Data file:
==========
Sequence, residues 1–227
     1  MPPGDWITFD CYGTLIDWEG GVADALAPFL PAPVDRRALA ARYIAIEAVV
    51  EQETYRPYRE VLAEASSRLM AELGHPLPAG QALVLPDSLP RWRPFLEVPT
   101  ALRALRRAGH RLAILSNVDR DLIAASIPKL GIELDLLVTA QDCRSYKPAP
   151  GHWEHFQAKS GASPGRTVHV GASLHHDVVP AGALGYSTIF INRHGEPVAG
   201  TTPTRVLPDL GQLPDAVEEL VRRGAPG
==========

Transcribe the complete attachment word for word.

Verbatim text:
Sequence, residues 1–227
     1  MPPGDWITFD CYGTLIDWEG GVADALAPFL PAPVDRRALA ARYIAIEAVV
    51  EQETYRPYRE VLAEASSRLM AELGHPLPAG QALVLPDSLP RWRPFLEVPT
   101  ALRALRRAGH RLAILSNVDR DLIAASIPKL GIELDLLVTA QDCRSYKPAP
   151  GHWEHFQAKS GASPGRTVHV GASLHHDVVP AGALGYSTIF INRHGEPVAG
   201  TTPTRVLPDL GQLPDAVEEL VRRGAPG